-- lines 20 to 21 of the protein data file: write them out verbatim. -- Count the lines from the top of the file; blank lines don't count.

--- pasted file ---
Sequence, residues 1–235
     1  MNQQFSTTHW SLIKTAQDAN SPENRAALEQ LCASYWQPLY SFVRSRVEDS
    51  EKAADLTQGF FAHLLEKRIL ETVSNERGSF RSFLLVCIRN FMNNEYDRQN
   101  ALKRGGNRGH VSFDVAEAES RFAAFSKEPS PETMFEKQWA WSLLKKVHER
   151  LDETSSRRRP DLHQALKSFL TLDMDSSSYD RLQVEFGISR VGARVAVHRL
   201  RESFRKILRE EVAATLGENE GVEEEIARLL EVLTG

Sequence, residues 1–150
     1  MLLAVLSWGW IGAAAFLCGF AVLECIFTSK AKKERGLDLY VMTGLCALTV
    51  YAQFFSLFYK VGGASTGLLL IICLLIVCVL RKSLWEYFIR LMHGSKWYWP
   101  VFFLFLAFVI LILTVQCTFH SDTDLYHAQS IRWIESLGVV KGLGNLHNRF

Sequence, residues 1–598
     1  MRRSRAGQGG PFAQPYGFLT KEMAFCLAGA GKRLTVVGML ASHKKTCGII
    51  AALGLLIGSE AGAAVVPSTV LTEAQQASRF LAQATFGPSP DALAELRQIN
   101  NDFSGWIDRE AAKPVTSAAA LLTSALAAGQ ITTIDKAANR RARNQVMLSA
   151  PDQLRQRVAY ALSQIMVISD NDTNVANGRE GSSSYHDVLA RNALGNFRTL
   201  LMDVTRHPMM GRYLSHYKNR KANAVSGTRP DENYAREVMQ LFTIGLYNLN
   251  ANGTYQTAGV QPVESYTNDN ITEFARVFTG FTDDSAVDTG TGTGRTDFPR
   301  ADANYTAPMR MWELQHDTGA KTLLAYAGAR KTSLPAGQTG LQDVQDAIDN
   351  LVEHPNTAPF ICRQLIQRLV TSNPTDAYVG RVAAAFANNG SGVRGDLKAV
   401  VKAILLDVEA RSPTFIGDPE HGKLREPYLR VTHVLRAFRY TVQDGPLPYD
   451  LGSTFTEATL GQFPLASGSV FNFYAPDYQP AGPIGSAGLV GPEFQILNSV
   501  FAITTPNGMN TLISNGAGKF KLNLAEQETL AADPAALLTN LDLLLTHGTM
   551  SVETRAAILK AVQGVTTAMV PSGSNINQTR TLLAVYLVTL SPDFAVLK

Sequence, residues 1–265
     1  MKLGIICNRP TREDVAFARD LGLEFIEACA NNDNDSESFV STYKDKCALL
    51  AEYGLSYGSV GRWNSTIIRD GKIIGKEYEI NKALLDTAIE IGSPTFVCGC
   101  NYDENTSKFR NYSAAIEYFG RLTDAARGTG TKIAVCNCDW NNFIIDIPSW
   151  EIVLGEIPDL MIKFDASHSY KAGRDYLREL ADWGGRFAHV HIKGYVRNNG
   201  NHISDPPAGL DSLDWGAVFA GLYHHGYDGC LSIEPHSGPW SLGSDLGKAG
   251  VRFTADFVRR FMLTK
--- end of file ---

   401  VKAILLDVEA RSPTFIGDPE HGKLREPYLR VTHVLRAFRY TVQDGPLPYD
   451  LGSTFTEATL GQFPLASGSV FNFYAPDYQP AGPIGSAGLV GPEFQILNSV